SAARC: Just a bark
On April 3 and 4, the South Asian Association for Regional Cooperation, the world's biggest regional grouping, will meet in New Delhi, but for more than 1.6 billion South Asians, it is largely a non-event.
Twenty-two years after SAARC was formed and its leaders met for the first time in Dhaka in 1985 with a vow to raise the living standards of teeming millions languishing in abject poverty, the grouping today resembles an abandoned ship in stormy seas. The initial enthusiasm which helped SAARC leaders to propel the ship in the early stages is either missing or muted.
|A security personnel stands guard at Vigyan Bhavan, the venue of this week’s SAARC Summit in New Delhi
The early leaders of SAARC, when they signed the SAARC charter, said "they were conscious of their individual and regional strengths, their potential as a huge market, their substantial human and natural resource and of the complementaries of their economies."
Though optimistic, Sri Lanka's then President J. R. Jayewardene was the first to point out the troubles ahead. In his address to the inaugural meeting, he warned, "SAARC will have to sail through a turbulent sea".
"We are setting this ship afloat today. There may be mutiny on board, I hope not. The sea may be stormy but the ship must sail on and enter the ports of poverty, hunger, unemployment, malnutrition, disease and seek to bring comfort to those who need it," Jayewardene said.
Has SAARC done it? When in the past SAARC's failure to achieve its objectives was pointed out, apologists and regionalists would defend the grouping by saying that one could not compare the progress of SAARC with that of other regional groupings such as the European Union or the Association of South East Asian Nations (ASEAN). But today, there is hardly anyone to come forward in SAARC's defence.
The question as to why SAARC as a regional grouping has failed needs serious analysis.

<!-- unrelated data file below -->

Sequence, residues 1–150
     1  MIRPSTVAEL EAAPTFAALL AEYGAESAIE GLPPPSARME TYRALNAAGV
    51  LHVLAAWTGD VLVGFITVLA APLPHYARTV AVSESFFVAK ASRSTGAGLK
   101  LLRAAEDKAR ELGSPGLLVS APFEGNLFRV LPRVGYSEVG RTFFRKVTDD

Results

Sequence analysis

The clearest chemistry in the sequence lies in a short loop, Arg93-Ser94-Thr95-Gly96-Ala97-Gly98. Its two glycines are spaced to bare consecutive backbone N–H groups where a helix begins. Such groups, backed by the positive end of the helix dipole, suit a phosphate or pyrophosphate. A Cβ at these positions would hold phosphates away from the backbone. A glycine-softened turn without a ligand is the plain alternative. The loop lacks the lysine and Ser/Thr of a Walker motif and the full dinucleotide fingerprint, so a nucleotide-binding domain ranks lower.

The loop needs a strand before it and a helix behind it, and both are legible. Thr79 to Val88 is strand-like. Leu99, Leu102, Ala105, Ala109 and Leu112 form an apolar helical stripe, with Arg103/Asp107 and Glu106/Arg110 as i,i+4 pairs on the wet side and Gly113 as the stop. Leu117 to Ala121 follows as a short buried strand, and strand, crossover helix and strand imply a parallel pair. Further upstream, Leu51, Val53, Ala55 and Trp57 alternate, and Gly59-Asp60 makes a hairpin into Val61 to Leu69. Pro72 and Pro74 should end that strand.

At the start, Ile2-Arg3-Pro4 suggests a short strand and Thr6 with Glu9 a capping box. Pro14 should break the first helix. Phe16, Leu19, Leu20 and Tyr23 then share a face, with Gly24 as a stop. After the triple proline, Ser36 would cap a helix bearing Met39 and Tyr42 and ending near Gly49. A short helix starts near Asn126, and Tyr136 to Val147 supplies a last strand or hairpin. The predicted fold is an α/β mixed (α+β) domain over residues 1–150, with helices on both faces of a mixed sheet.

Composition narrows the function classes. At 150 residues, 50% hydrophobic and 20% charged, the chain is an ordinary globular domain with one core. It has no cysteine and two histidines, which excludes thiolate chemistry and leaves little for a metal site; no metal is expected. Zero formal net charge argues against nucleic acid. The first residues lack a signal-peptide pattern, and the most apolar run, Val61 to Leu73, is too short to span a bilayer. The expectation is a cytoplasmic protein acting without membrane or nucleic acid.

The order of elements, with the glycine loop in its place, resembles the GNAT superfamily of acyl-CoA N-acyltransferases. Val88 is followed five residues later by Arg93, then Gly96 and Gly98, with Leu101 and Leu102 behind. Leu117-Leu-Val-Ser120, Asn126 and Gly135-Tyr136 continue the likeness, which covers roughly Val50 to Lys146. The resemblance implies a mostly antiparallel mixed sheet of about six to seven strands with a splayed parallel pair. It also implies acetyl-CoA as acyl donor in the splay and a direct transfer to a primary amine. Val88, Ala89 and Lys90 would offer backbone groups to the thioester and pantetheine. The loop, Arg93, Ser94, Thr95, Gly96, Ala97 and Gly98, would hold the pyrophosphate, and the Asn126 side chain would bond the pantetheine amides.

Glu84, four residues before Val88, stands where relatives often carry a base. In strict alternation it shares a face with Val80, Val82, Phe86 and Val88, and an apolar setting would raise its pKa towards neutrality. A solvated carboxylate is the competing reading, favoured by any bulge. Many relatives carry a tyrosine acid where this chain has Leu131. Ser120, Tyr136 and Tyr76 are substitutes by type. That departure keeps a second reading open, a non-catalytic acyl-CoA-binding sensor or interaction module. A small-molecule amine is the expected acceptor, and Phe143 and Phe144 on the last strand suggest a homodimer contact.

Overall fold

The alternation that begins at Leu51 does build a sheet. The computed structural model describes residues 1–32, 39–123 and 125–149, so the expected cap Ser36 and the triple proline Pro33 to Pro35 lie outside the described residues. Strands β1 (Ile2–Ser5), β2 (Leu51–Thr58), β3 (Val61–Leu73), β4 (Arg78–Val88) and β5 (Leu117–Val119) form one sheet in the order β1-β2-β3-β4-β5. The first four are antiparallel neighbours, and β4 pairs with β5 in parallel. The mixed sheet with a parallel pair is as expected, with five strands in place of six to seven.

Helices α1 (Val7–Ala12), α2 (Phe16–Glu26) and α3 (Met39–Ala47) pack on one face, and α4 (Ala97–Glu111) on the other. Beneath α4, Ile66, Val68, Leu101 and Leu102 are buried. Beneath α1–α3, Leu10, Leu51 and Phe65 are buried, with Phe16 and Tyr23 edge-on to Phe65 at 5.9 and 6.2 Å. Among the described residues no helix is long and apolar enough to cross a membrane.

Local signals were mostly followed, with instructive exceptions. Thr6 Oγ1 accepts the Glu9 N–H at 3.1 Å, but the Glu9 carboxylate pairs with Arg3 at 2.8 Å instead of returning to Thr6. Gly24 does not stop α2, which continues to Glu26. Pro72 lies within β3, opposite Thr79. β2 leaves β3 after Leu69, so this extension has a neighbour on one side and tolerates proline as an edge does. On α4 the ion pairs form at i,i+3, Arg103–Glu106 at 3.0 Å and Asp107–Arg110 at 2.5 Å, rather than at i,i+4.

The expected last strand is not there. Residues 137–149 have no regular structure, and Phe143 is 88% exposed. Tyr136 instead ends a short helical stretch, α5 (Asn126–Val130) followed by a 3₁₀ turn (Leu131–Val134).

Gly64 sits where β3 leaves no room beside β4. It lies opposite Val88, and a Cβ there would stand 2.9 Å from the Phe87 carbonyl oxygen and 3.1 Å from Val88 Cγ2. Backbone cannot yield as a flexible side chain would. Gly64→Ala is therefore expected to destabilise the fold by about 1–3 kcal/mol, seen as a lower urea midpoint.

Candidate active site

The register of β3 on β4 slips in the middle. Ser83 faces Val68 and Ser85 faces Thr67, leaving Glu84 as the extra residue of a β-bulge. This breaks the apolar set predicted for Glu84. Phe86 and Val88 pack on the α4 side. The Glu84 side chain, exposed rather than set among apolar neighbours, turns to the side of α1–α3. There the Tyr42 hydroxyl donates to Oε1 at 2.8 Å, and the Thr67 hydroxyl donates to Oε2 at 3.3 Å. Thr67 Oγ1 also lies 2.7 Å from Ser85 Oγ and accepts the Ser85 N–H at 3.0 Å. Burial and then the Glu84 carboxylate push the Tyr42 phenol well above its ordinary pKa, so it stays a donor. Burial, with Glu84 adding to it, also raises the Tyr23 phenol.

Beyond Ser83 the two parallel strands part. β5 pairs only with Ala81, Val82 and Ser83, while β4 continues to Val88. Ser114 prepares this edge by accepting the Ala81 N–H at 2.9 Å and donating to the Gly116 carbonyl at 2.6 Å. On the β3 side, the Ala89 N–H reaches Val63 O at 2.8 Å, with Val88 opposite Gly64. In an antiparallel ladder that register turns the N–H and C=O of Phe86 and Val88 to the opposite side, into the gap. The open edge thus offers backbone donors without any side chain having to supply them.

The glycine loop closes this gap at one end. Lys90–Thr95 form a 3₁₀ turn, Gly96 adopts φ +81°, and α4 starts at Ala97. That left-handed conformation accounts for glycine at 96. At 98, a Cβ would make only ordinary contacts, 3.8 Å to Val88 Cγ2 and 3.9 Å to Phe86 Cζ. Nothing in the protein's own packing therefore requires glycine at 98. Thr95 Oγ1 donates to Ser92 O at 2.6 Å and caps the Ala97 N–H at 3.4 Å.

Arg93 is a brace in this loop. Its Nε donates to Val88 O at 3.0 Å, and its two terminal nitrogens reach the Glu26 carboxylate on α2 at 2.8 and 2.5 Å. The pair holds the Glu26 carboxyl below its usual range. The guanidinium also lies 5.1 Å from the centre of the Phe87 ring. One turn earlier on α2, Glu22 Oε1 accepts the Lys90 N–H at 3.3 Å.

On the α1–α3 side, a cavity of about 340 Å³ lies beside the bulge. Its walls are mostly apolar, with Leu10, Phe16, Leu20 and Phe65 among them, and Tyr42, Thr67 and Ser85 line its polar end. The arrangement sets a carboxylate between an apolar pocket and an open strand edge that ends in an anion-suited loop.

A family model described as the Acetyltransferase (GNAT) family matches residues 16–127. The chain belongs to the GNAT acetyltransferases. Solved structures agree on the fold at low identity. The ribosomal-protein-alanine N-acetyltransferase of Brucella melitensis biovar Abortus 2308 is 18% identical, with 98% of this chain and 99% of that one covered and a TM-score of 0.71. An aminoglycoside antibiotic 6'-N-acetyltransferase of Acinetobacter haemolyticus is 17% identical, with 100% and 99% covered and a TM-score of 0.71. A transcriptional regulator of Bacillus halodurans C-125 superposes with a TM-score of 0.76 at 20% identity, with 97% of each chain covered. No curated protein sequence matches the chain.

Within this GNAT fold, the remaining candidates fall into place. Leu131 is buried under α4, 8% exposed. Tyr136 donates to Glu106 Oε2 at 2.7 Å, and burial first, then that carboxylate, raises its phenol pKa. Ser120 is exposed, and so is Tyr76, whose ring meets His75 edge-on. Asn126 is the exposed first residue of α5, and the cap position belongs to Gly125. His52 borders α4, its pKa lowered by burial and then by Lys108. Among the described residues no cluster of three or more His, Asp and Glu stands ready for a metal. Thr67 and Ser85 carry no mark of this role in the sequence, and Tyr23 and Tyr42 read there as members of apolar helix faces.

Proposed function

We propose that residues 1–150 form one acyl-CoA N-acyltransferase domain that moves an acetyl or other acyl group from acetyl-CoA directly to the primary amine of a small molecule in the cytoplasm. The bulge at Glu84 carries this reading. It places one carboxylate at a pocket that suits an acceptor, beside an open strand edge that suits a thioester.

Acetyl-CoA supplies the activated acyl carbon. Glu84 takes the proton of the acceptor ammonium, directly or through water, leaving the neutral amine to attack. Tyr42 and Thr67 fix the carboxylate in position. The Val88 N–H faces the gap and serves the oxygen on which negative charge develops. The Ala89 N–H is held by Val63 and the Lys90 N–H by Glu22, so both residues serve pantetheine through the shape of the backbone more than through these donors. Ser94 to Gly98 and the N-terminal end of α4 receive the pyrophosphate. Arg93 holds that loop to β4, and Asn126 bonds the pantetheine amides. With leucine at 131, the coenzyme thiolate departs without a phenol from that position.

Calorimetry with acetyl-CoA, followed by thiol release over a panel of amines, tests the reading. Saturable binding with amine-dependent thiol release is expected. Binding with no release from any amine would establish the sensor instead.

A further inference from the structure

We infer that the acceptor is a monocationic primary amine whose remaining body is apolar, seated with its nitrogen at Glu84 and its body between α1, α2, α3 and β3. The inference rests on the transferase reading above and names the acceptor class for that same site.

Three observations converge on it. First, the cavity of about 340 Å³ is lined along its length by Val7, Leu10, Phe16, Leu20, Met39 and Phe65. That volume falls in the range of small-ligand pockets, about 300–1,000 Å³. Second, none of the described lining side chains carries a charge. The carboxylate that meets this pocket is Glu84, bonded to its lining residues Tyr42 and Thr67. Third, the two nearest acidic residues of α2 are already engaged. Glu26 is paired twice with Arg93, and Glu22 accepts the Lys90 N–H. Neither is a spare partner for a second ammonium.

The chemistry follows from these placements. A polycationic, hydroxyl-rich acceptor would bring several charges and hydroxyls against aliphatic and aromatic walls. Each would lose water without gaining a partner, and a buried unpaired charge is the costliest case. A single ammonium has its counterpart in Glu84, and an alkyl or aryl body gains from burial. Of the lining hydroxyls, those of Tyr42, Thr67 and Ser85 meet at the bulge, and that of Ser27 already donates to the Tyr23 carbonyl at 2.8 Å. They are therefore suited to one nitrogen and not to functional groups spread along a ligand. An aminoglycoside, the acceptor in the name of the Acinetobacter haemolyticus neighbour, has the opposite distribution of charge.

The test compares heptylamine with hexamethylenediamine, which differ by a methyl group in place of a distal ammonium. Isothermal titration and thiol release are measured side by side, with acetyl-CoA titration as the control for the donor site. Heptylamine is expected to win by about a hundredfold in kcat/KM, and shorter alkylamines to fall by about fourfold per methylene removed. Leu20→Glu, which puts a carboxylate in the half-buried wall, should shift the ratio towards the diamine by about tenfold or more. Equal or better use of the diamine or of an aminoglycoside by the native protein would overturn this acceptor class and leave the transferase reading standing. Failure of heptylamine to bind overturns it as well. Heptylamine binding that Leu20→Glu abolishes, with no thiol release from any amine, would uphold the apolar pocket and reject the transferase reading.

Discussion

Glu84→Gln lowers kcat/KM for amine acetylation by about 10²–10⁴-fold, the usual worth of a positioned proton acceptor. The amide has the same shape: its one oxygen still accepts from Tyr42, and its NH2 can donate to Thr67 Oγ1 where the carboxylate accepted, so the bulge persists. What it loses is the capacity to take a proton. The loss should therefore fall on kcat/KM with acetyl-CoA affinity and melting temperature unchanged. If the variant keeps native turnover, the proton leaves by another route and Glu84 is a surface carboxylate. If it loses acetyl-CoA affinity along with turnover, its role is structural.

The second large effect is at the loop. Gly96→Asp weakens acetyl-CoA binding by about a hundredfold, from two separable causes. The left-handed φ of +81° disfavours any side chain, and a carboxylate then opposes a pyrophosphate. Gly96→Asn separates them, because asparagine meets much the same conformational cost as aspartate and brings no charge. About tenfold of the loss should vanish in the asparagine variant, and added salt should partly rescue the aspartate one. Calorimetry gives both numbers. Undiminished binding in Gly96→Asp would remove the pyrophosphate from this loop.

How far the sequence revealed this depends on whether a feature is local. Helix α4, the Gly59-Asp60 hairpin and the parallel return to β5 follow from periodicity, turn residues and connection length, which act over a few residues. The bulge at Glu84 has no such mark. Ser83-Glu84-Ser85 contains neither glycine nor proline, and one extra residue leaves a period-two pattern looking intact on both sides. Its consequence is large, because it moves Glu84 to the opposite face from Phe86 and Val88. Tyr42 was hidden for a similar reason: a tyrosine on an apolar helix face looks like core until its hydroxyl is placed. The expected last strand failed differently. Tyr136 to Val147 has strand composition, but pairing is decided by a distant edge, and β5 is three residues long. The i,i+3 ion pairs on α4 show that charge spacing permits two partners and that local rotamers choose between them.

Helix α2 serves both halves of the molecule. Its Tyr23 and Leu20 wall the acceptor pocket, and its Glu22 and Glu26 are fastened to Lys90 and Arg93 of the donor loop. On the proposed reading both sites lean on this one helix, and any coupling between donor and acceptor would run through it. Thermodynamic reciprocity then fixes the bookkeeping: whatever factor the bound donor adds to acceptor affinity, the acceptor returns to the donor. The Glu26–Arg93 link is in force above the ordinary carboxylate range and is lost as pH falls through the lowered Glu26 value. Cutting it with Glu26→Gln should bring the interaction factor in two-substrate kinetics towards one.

Advocates of South Asian cooperation might point to several areas where reasonable progress has been made. For instance, the South Asian Free Trade Agreement which came into force in July last year. Yes, SAFTA was a major achievement but other areas where agreements have been reached have not brought the desired result to benefit the people because most of those agreements are largely cosmetic. Areas of cooperation are many, but no real benefits have trickled down to the grassroots level or made any impact on the day-to-day life of South Asians.
With a SAARC identity or South Asian solidarity being largely part of political rhetoric, SAARC's role has been greatly diminished and the annual summits are just a platform for talks between its leaders.
SAARC's failure to bloom as a powerful regional body could be attributed to a single factor — each member state's national interest. Every member wants to get as much as possible from SAARC, if there is any, but share with other SAARC members as little as possible. There is no South Asian ideological bond that unites the people of seven countries — Bangladesh, Bhutan, India, Nepal, Pakistan, Sri Lanka and the Maldives — though poverty is a major common strand that makes us understand each other's plight.
Poverty does not allow us to share our meagre resources. It sends us into a shell and tells us to protect whatever we have. India, for instance, will not come forward to eliminate poverty in Sri Lanka until such time it reaches a stage where every Indian lives above the poverty line, and that too, if it has political will to share its wealth in a SAARC spirit. In recent years, the South Asian region has recorded remarkable economic growth rates. Please note it is not because of SAFTA. But the growth is uneven not only among members but also within each member state.